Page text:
- Tell us about particular challenges you’ve faced and how you have resolved them. Come up with an example that has a positive outcome. This is an instance where you can go into detail: explain why it was challenging and the steps you took to overcome obstacles. Don’t talk about personal conflicts and don’t bring up challenges you couldn’t solve.
- What kind of work environment do you prefer? This is a straightforward question meant to reveal whether you’re a good fit for the particular position and/or company. Answer honestly, as it’s not in your best interest to work in, say, a noisy, high pressure environment when you have a low tolerance for noise or stress.
- Tell us about past conflicts you’ve had on the job. This is another minefield for which you can prepare. Think about your interactions with challenging coworkers and highlight an experience where you helped resolve the issue. Don’t say you’ve never had any conflicts—that may harm your credibility.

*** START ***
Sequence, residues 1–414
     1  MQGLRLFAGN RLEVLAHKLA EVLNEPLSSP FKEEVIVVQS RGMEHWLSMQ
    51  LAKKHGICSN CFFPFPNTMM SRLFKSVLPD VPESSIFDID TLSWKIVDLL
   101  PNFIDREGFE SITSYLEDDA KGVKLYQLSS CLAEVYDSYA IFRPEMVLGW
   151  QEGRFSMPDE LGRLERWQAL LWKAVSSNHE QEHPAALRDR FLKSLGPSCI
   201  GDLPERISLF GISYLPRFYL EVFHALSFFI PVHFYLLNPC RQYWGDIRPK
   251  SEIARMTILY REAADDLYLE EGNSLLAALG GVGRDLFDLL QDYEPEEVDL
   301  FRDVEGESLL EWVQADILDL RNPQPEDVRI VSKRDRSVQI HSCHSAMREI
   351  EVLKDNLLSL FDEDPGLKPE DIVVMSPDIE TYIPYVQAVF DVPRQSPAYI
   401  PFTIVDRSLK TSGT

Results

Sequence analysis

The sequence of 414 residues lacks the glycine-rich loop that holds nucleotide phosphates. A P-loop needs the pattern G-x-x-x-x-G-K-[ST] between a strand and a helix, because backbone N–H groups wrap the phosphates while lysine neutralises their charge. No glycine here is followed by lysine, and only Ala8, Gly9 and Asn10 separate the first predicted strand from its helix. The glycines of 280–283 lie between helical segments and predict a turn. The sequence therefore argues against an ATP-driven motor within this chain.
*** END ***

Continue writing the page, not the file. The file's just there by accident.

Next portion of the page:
- How much money are you looking to earn? This is a tricky question: don’t provide a dollar amount, especially if it’s early in the interview process, when you have no leverage. If you throw out a number that’s too low and you get the job, you’ll be stuck at that level of compensation. If the number is too high, you might scare them off. The solution is to respond by saying you don’t have a number yet (which is a reasonable answer early in the interview process) and stand your ground. Admittedly, that’s likely to be awkward in practice, which is why it’s helpful to prepare for the situation in advance. A related question is What was your salary in your last job? This is an even thornier question because you might be tempted to lie, which is never a good idea. The good news for interviewees is this question has been legally banned or is in the process of being banned in a number of cities and states.